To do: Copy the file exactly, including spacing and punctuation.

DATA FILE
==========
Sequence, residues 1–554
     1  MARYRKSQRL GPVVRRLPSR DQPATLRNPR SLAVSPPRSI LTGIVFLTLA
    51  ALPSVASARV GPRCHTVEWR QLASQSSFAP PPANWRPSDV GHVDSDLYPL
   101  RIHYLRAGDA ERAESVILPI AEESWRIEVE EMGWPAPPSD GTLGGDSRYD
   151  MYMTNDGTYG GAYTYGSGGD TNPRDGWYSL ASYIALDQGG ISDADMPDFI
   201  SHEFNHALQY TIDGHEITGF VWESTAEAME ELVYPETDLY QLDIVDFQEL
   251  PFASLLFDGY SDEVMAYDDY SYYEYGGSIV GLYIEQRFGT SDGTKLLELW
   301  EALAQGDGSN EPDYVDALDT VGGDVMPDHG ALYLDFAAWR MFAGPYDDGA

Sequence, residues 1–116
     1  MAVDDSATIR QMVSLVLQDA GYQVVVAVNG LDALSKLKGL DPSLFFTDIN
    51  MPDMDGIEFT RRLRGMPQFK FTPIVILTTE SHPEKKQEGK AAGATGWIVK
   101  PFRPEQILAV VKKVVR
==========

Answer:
Sequence, residues 1–554
     1  MARYRKSQRL GPVVRRLPSR DQPATLRNPR SLAVSPPRSI LTGIVFLTLA
    51  ALPSVASARV GPRCHTVEWR QLASQSSFAP PPANWRPSDV GHVDSDLYPL
   101  RIHYLRAGDA ERAESVILPI AEESWRIEVE EMGWPAPPSD GTLGGDSRYD
   151  MYMTNDGTYG GAYTYGSGGD TNPRDGWYSL ASYIALDQGG ISDADMPDFI
   201  SHEFNHALQY TIDGHEITGF VWESTAEAME ELVYPETDLY QLDIVDFQEL
   251  PFASLLFDGY SDEVMAYDDY SYYEYGGSIV GLYIEQRFGT SDGTKLLELW
   301  EALAQGDGSN EPDYVDALDT VGGDVMPDHG ALYLDFAAWR MFAGPYDDGA

Sequence, residues 1–116
     1  MAVDDSATIR QMVSLVLQDA GYQVVVAVNG LDALSKLKGL DPSLFFTDIN
    51  MPDMDGIEFT RRLRGMPQFK FTPIVILTTE SHPEKKQEGK AAGATGWIVK
   101  PFRPEQILAV VKKVVR